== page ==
With Aadhaar Amendments Passed, Need Data Protection Bill And Surveillance Reform

The hurry to pass the Aadhaar Amendment Bill has to be juxtaposed with the delay in tabling the Data Protection Bill.

An  iPhone is covered with chains in this arranged photograph. (Photographer: Craig Warga/Bloomberg)
An iPhone is covered with chains in this arranged photograph. (Photographer: Craig Warga/Bloomberg)

What explains the Indian government’s rush to push through the Aadhaar Amendment Bill, which allows private parties to collect data, even before a data protection law is in place, and without these significant amendments going before a Parliamentary Standing Committee?

Fintech companies, which relied extensively on Aadhaar for lowering their cost of customer authentication, it must be remembered, had gone before the Supreme Court to make their case for retaining Aadhaar for electronic know-your-customer verification. The Supreme Court, in its verdict, had struck down Section 57 of the Aadhaar Act, which enabled private companies from using Aadhar, saying:

“(c) Apart from authorising the State, even ‘any body corporate or person’ is authorised to avail authentication services which can be on the basis of purported agreement between an individual and such body corporate or person. Even if we presume that legislature did not intend so, the impact of the aforesaid features would be to enable commercial exploitation of an individual biometric and demographic information by the private entities. Thus, this part of the provision which enables body corporate and individuals also to seek authentication, that too on the basis of a contract between the individual and such body corporate or person, would impinge upon the right to privacy of such individuals. This part of the section, thus, is declared unconstitutional.”

The Aadhaar Amendment Bill allows for the usage of the Aadhaar number for verification, by private parties, and thereby doesn’t prevent them from collecting the Aadhaar details of an individual.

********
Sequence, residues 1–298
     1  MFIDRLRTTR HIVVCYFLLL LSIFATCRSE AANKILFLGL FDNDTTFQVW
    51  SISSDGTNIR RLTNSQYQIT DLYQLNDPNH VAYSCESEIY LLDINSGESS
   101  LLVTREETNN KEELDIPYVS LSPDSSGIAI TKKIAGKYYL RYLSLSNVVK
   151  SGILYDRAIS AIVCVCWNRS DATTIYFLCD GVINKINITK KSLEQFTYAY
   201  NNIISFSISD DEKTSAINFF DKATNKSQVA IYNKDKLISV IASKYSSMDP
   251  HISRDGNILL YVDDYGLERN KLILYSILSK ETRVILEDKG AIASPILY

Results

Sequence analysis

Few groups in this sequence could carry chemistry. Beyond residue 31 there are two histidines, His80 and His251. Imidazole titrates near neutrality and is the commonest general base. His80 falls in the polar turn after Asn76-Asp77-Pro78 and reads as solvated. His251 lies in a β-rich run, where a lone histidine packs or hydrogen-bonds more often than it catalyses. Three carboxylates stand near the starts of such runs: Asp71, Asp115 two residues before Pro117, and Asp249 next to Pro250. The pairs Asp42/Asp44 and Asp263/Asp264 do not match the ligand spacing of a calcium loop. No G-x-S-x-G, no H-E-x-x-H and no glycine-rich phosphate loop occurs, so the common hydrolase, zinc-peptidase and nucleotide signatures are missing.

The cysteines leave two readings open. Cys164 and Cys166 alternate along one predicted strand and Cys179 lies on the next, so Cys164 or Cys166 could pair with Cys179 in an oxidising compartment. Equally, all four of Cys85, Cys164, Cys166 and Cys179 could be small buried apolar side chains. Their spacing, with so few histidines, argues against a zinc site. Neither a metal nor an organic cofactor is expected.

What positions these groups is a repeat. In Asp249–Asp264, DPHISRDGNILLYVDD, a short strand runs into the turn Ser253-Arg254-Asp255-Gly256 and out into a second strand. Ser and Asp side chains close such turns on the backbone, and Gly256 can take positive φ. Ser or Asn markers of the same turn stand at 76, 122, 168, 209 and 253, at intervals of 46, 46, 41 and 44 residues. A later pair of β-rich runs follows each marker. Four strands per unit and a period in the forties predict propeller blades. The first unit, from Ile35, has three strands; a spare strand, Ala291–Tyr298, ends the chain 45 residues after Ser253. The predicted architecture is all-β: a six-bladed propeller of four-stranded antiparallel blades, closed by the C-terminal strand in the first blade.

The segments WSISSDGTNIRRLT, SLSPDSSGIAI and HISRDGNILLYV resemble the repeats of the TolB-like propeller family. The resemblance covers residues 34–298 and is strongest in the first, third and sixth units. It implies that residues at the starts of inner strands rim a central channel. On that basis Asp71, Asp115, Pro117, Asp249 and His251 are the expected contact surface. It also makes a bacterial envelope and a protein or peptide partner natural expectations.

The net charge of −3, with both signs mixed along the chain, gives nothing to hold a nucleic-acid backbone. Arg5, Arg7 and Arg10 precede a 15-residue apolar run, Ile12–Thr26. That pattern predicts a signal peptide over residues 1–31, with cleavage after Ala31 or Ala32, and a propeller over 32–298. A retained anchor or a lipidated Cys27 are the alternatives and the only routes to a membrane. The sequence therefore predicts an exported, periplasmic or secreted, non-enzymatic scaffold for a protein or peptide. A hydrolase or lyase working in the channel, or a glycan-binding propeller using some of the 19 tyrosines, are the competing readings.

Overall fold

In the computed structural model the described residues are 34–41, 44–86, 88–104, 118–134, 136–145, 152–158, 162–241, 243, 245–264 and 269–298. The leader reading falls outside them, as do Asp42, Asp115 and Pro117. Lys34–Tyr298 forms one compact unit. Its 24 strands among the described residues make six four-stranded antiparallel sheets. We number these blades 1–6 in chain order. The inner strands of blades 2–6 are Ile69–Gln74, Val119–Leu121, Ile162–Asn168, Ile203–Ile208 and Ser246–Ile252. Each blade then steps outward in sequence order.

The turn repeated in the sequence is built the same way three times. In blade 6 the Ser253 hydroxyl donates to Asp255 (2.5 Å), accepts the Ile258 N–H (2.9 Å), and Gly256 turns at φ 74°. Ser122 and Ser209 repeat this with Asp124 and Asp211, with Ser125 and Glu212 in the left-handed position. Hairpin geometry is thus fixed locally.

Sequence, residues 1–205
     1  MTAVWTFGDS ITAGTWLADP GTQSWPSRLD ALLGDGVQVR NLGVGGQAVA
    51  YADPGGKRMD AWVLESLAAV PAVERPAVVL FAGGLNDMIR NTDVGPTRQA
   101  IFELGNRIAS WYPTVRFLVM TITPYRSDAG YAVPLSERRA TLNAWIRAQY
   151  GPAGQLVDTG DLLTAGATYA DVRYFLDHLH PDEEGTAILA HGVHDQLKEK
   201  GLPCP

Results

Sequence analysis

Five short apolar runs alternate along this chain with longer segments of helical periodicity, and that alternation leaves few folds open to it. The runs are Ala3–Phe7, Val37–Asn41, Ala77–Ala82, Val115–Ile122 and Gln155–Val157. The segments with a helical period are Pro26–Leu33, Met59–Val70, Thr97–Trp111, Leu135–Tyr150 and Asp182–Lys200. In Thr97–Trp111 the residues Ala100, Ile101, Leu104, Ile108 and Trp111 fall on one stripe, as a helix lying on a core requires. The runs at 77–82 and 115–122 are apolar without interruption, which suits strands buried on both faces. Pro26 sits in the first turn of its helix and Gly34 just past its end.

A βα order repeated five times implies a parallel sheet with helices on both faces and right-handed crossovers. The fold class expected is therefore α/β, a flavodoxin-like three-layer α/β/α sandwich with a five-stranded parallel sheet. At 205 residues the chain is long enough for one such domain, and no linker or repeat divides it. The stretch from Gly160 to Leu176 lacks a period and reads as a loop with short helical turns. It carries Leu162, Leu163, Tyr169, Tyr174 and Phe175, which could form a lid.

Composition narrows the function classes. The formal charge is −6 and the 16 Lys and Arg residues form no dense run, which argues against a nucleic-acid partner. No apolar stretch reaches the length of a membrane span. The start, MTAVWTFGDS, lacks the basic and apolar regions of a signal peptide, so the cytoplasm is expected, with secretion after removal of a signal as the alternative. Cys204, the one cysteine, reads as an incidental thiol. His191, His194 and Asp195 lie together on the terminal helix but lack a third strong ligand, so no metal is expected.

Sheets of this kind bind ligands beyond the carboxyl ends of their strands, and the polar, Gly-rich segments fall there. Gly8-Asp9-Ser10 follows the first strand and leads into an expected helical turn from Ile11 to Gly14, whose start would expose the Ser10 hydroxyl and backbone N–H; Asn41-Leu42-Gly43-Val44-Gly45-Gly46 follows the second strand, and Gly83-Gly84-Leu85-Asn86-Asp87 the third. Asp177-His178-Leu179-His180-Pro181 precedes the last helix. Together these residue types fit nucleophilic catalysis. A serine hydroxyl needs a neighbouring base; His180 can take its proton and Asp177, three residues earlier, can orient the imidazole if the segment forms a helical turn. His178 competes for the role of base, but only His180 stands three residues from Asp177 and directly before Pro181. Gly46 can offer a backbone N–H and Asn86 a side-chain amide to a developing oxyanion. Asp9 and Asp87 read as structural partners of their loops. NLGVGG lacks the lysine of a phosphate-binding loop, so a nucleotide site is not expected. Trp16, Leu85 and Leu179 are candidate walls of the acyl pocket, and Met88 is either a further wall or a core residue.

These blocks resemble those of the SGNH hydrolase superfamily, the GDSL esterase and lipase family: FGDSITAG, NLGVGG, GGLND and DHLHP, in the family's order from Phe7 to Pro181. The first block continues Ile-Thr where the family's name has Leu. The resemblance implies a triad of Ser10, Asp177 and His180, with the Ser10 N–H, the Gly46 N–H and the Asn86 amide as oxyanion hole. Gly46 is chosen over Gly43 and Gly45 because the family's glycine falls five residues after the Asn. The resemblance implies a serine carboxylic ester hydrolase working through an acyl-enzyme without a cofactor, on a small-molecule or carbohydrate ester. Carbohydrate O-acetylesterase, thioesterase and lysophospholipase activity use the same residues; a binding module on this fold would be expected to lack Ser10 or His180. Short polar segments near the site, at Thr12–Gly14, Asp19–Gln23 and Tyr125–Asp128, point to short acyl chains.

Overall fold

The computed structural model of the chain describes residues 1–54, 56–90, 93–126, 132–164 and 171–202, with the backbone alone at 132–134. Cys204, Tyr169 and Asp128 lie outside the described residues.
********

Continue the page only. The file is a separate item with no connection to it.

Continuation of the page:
The bill tactically avoids using the word authentication in the context of private parties, and uses the word ‘verification’ 31 times, as a means of bypassing what appears to be the Supreme Court’s emphasis on avoiding authentication, which typically refers to biometric authentication or the e-KYC process.

It means that a private party can verify and collect the Aadhaar number, a scan or a photocopy of the Aadhaar card, or read a user-generated Aadhaar QR code for a transfer, of an individual even if she doesn’t do biometric authentication. This will enable banks, fintech companies, and mobile phone companies, among others, to seek a user’s Aadhaar details.

However, remember that the Supreme Court had warned against commercial exploitation of even an individual’s demographic information by private entities.

A constitutional challenge to this Amendment of the Aadhaar Act will give the Supreme Court an opportunity to revisit its Aadhaar judgment, because the government, by itself, seems to be bypassing what appeared to be the Supreme Court’s intent in striking down Section 57.

The Supreme Court also needs to look at Aadhaar in the context of what appears to be the Indian government’s overt approach to the nationalisation and privatisation of personal data.